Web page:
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‘Unplanned’ actress establishes scholarship for pregnant women

The Unplanned Movie Scholarship will give $5,000 annually for a woman facing an unplanned pregnancy

Ashley Bratcher, lead actress in the pro-life movie “Unplanned,” has helped establish a scholarship for women pursing an education during an unexpected pregnancy.

“Women can pursue their careers, live out their dreams, and have richer, more fulfilling lives while balancing motherhood. Sometimes, it just takes a little help,” Bratcher said in a recent press release from Heartbeat International.

“I wanted to be a part of empowering mothers to chase their dreams and to provide a means for those who choose life to continue their educations.”

The scholarship, called the Unplanned Movie Scholarship, will give $5,000 annually for a woman facing an unplanned pregnancy. It can go toward educational educational opportunities including college or trade school.

The project is backed by Heartbeat International, a pro-life agency providing pregnancy resources to expecting mothers in over 2,000 locations worldwide.

“Not only will the scholarship financially support the decision of mothers to continue their education, but it will also connect them to an organization that will support them throughout their pregnancy and beyond,” Bratcher added.

Jor-El Godsey, president of Heartbeat International, said the scholarship will help expecting mothers embrace education and life.

“Tucked into Unplanned is a vivid reminder that education can present an obstacle to accepting the new life within,” said Godsey.

“The Unplanned Movie Scholarship will be a lifeline to a young mom’s future as she makes the brave choice to embrace motherhood.”

Bratcher played Abby Johnson in the movie, “Unplanned.” The story follows the life of Johnson, a former clinic director for Planned Parenthood, who had a conversion experience after witnessing the horrors of abortion. Today, Johnson is a pro-life advocate and the director of And Then There Were None, a ministry that helps other abortion workers leave the industry.

Following the movie’s release, numerous women reached out to Bratcher to share their stories of difficult pregnancy situations. Andrea Trudden, director of communications for Heartbeat International, told CNA that many women shared a common conflict – they needed financial support to finish their education.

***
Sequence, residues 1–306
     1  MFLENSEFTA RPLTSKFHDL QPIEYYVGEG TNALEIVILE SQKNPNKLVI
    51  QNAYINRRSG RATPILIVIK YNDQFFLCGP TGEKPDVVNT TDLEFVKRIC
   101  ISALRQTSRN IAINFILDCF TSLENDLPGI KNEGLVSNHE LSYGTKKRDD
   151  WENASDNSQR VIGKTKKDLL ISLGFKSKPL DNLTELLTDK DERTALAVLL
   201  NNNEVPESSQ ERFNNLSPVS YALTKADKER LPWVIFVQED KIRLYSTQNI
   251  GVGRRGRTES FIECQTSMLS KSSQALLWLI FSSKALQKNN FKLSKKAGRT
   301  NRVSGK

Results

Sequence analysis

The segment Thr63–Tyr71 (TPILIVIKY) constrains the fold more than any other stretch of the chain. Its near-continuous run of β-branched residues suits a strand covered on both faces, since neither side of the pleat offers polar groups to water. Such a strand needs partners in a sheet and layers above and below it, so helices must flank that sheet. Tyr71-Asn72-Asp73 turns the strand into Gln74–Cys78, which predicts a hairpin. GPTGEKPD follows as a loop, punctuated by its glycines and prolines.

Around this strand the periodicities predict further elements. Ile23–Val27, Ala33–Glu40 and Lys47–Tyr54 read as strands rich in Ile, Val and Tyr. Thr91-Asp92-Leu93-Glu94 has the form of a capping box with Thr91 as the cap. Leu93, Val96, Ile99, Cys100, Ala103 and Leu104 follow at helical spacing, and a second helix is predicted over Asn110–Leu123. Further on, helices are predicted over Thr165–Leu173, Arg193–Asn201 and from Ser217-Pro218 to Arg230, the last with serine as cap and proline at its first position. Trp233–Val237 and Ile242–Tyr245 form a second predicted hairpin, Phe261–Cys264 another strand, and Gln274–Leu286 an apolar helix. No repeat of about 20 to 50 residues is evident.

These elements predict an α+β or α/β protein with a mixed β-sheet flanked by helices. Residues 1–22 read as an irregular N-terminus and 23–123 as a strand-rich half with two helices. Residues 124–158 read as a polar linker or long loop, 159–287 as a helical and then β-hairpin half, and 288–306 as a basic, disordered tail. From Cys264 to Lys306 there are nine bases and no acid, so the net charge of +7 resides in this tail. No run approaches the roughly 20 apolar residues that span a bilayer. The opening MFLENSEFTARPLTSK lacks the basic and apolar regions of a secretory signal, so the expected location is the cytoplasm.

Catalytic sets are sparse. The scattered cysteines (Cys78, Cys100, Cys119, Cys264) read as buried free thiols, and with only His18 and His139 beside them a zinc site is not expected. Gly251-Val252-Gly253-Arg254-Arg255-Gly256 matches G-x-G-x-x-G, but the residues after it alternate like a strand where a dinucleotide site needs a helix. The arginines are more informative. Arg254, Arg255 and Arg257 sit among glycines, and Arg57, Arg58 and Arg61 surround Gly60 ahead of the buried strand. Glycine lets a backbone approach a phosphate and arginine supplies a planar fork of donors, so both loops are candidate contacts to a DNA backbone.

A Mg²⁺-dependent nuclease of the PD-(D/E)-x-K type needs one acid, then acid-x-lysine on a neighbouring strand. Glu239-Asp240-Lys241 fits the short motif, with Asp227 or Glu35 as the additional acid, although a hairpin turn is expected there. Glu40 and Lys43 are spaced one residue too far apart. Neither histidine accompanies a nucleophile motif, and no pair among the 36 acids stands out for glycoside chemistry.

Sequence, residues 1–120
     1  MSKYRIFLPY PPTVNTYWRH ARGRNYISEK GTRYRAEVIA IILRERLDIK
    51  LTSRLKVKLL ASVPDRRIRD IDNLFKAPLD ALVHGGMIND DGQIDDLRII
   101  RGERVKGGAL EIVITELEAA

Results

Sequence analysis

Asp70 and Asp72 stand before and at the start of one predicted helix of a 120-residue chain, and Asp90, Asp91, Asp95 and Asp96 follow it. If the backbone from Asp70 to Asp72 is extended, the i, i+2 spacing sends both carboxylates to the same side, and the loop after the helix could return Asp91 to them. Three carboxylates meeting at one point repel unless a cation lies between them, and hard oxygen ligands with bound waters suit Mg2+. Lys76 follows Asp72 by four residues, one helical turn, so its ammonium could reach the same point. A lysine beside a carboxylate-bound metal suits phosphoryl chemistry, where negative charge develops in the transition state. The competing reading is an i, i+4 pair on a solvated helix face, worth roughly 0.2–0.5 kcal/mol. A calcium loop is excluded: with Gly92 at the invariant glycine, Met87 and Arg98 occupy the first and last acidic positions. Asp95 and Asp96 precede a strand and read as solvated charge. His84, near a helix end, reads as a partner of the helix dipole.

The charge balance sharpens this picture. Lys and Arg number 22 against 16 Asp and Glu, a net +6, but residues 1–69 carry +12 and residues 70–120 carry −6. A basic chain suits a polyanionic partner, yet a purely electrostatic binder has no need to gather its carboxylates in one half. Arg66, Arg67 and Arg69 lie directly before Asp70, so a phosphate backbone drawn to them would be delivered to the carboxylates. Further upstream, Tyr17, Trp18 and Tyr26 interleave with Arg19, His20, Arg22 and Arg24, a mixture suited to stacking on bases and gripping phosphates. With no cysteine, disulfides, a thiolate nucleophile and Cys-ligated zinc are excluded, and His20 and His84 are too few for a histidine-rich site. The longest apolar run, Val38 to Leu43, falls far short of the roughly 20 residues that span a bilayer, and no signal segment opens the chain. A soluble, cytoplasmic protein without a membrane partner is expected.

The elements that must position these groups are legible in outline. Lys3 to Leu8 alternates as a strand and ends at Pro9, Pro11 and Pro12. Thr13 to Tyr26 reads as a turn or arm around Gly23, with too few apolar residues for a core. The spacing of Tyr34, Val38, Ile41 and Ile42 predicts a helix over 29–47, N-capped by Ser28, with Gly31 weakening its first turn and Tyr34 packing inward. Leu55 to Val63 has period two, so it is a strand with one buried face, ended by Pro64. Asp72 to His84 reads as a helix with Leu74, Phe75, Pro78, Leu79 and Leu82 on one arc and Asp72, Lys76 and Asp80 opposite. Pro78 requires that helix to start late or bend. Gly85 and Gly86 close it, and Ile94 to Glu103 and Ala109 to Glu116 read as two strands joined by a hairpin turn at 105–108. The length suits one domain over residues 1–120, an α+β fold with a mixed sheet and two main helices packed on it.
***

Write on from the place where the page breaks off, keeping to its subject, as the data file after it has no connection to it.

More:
“After the release of ‘Unplanned,’ Ashley had a lot of different questions from moms who were reaching out sharing their stories about their unplanned pregnancies,” she said.

“The education aspect tended to be one of the hurdles.”

Trudden said the scholarship’s development is still underway. She said applicants will be recommended from one of the agency’s pregnancy help centers, where the mothers’ needs will be best addressed.

“[Pregnancy centers] provide parenting classes and financial classes. We are able to couple what we do through these pregnancy health organizations with the woman who wants to continue her education,” she said.

“We are really looking at exactly how to partner with our pregnancy help organizations in order to provide the funds to the women.”

She said the scholarship will begin accepting applicants at the end of this year, after the organization receives enough funds. The scholarship is now accepting donations at www.UnplannedMovieScholarship.com.

Trudden said the opportunity will provide women the support they need to pursue their education, but it also presents a bigger message.

“Women can have careers, they can have fulfilling lives and be mothers. It’s not an either-or situation,” she said.

“We want to do everything we can to support the mothers during these hard decisions, to help prepare her for motherhood and … [provide her with] everything she needs to get through her pregnancy in a loving and caring way so she can positive choices for her life.”